President Bush's second term is already off to a promising start: Alberto Gonazales is a solid pick to replace outgoing Attorney General John Ashcroft, and he's keeping his first and only White House chief of staff, Andrew Card.
With only some exaggeration, the chief-of-staff post has been described as the second-most powerful job in Washington. It may be the most powerful job most people have never heard of.
The chief of staff manages the several thousand employees of the Executive Office of the President, approves and enforces the president's schedule, serves as gatekeeper for people demanding the president's time, and controls the flow of paper through the Oval Office. And he also does whatever else the president wants him to.
Good chiefs of staff tend to be self-effacing, and although Card is always close to the president, he is careful to stay on the periphery of the limelight. It is doubtful that many viewers could identify the official who interrupted the president's reading to a grade-school class to inform him of airliners hitting the World Trade Center.
The fact that the Bush White House ran so smoothly during the first term is largely attributable to Card, 57, who, besides having the necessary credential of being simpatico with his boss, has served as deputy chief of staff to Bush senior and as a second-level White House staffer for President Ronald Reagan.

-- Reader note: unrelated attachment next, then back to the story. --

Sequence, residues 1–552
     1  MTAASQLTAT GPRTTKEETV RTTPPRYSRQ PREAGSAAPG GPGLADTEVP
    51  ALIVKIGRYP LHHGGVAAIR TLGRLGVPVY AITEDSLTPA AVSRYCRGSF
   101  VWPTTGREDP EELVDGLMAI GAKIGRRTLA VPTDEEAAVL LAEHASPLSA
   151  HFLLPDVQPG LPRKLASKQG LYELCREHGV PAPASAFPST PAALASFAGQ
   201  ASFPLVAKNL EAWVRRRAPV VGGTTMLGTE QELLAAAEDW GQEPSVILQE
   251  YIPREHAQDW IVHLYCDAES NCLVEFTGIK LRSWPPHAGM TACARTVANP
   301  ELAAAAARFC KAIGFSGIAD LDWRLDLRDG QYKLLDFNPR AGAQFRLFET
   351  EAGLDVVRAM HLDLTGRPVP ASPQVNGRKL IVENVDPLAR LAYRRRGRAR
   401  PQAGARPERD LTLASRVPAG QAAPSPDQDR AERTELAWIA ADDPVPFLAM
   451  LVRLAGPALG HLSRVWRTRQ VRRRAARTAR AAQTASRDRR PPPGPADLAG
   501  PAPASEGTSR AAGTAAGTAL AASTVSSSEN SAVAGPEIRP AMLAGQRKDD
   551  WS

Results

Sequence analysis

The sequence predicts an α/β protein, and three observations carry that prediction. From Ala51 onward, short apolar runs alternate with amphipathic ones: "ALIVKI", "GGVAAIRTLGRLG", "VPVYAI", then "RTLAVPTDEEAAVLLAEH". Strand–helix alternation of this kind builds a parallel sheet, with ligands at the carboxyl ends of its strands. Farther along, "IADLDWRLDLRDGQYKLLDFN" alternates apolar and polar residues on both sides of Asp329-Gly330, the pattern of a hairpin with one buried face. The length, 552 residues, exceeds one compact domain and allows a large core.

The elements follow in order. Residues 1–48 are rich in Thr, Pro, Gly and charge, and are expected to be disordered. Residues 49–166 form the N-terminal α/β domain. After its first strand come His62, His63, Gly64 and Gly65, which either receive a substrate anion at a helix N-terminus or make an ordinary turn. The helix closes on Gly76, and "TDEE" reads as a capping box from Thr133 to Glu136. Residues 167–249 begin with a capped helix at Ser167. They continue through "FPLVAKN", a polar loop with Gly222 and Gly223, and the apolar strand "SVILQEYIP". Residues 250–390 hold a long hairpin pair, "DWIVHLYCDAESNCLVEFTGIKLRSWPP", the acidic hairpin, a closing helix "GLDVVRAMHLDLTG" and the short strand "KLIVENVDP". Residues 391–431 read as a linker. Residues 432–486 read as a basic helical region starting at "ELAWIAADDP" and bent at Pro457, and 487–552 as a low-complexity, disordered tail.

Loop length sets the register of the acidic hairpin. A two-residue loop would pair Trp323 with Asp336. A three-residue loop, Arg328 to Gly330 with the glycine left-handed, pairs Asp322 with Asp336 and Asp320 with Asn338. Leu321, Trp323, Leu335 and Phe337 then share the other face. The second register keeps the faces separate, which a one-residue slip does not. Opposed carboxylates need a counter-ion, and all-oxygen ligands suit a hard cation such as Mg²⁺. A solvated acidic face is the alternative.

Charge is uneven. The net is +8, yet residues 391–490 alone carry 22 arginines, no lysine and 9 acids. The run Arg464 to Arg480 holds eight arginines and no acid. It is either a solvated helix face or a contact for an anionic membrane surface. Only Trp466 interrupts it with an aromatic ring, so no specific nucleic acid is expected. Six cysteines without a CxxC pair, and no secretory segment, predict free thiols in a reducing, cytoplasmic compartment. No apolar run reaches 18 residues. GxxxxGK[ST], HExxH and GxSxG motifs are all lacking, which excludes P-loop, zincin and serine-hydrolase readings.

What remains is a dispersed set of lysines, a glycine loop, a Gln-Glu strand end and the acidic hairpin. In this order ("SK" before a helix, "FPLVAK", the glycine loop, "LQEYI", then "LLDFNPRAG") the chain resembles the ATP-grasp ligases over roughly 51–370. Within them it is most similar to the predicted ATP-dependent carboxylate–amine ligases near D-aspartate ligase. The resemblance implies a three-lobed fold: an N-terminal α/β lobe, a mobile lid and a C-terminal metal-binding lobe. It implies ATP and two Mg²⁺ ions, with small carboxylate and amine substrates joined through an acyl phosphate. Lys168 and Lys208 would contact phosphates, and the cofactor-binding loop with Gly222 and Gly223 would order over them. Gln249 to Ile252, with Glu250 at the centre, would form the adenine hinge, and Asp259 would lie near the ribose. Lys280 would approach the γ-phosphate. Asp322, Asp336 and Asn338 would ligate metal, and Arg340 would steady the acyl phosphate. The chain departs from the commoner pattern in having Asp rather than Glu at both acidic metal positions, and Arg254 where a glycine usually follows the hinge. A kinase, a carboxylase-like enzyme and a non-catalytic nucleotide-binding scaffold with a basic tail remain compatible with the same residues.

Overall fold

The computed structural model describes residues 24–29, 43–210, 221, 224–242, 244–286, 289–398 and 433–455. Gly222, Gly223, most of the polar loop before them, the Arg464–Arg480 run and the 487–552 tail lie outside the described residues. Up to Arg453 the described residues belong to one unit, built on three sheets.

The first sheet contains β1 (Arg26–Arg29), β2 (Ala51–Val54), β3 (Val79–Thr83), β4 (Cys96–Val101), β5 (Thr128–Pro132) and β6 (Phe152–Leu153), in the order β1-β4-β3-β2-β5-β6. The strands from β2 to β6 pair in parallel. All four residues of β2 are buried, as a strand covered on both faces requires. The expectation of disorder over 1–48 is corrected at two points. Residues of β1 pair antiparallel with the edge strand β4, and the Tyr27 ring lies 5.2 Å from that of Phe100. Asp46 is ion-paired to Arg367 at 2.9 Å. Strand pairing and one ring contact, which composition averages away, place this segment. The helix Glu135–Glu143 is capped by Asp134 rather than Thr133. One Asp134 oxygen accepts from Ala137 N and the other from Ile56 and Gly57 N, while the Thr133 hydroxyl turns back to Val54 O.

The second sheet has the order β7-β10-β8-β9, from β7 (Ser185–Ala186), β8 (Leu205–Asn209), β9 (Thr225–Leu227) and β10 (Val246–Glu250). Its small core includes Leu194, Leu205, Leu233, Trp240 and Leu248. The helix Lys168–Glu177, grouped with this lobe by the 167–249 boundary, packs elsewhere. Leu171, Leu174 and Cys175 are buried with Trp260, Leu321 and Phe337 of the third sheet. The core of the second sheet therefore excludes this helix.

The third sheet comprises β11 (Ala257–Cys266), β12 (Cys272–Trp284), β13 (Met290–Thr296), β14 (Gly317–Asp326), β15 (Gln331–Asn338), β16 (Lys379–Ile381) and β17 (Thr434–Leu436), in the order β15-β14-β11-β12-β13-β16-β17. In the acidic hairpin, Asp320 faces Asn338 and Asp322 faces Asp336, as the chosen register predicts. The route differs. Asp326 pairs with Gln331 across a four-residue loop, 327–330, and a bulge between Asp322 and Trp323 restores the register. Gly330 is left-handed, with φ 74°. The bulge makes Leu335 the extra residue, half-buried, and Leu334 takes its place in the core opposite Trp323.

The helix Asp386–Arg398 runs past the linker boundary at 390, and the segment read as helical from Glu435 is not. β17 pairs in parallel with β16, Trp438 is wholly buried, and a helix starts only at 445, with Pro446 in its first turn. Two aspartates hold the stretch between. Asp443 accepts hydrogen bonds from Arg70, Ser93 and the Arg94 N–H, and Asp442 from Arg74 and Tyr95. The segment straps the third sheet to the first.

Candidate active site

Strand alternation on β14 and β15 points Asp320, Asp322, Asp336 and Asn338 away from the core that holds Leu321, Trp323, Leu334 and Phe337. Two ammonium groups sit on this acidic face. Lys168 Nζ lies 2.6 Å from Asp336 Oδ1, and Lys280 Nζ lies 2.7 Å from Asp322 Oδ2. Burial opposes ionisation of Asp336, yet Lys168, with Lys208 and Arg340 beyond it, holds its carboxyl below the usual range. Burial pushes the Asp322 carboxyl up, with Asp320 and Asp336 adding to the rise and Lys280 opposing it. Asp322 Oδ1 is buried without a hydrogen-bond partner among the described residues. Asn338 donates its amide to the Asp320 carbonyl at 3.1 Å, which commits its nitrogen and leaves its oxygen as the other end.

Second terms are notoriously difficult in the history of the American presidency. And one reason is turnover. At the end of a first term, many senior officials are anxious for new challenges, weary of the hours, tired of Washington or hoping to make big money in the private sector. The more junior officials are anxious to move up to bigger jobs.
Given the killer hours — Card is at the White House from 5:30 a.m. until the president heads up to the family quarters at night — no one blames a chief of staff for stepping down at a suitable opportunity. But it has a cost.
Suddenly, after the inauguration, the president is there but the people he depended on the last four years are not. In Reagan's second term, his trusted top aide, James Baker, moved to Treasury to be replaced by Donald Regan, with whom Reagan and especially the first lady were never comfortable. It had an adverse affect on Reagan's presidency.
Card is on track to set a record for longevity in the job, surpassing Dwight Eisenhower's top aide, Sherman Adams, who was the first to hold the actual title of chief of staff. And Card's continuing presence should help Bush beat the second-term jinx.
And as for Card, there are rewards down the road. Two of President Gerald Ford's former chiefs of staff are Vice President Dick Cheney and Defense Secretary Donald Rumsfeld.